All Pure Souls

By (author): John Brooke

There’s a deadly August heatwave and Inspector Aliette Nouvelle is looking forward to her upcoming vacation. She’s been working hard, without much reward. Denied promotion to the coveted Commissaire’s post—which seemed practically guaranteed before the dubious Jacques Normand affair—she now finds herself working under the new acting Commissaire, Claude Néon, her former assistant. It’s hard not to be bitter.

When Claude presents Aliette with the report on the murder of a Marilyn Monroe look-alike who had been the star attraction at the upscale brothel known as Mari Morgan’s, he assures her it’s an open-and-shut case. The prime suspect is already sitting in a cell awaiting questioning and psychiatric evaluation. But Aliette’s instincts tell her that this is not quite as simple as it appears. Claude doesn’t always agree with Aliette’s methods, but he has learned from first-hand experience to trust her instincts: she’s still the best cop in la brigade. He reluctantly hands over the case and Aliette embarks on an unsettling journey, the strangely uncooperative putes’ clues leading her to a sisterly cult and the ancient goddess who rules it.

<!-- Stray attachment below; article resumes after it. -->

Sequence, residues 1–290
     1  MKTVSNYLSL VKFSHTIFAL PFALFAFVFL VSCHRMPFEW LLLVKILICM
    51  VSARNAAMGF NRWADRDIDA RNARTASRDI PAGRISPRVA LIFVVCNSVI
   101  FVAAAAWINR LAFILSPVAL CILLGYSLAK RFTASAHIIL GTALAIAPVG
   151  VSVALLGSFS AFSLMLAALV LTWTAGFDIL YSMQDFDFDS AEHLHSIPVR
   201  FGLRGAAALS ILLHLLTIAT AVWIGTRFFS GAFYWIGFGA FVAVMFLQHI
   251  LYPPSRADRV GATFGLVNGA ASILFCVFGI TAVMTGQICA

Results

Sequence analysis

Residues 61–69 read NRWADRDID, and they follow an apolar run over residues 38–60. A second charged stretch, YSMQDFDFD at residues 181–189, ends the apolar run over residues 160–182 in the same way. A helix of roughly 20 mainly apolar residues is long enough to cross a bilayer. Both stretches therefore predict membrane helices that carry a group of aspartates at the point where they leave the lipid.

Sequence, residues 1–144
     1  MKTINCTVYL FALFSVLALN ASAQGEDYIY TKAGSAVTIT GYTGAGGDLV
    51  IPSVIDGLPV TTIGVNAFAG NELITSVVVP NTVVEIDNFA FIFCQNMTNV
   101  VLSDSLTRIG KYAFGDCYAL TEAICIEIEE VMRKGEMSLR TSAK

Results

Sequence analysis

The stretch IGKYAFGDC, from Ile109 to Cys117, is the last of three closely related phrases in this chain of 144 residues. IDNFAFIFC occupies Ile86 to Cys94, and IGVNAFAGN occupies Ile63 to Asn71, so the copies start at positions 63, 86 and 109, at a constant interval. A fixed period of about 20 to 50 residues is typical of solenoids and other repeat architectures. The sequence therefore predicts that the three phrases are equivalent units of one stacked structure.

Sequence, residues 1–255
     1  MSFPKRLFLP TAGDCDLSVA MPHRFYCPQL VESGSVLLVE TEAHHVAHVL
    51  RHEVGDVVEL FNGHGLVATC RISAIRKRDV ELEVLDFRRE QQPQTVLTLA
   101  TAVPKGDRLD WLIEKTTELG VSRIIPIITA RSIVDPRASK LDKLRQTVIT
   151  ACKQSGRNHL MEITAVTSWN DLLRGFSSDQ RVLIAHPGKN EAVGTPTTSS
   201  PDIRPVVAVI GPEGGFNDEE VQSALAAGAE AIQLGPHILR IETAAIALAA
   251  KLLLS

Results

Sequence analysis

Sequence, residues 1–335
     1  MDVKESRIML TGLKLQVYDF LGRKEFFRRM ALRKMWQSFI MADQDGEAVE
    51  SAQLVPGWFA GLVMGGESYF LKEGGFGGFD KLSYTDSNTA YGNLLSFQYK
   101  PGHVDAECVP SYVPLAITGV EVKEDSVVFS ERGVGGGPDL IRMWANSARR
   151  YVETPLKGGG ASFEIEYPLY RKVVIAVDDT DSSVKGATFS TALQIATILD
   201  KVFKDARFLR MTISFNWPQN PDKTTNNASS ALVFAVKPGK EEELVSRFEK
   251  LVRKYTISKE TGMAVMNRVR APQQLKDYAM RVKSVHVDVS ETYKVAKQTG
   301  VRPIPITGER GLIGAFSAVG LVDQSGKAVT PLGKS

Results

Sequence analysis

John Brooke

John Brooke became fascinated by criminality and police work listening to the courtroom stories and observations of his father, a long-serving judge. Although he lives in Montreal, John makes frequent trips to France for both pleasure and research. He earns a living as a freelance writer and translator, has also worked as a film and video editor as well as directed four films on modern dance. His poetry and short stories have been widely published, and in 1998 his story “The Finer Points of Apples” won him the Journey Prize. Brooke’s first Inspector Aliette mystery, The Voice of Aliette Nouvelle, was published in 1999, followed by All Pure Souls in 2001. He took a break from Aliette with the publication of his novel Last Days of Montreal in 2004, but returned with her in 2011 with Stifling Folds of Love.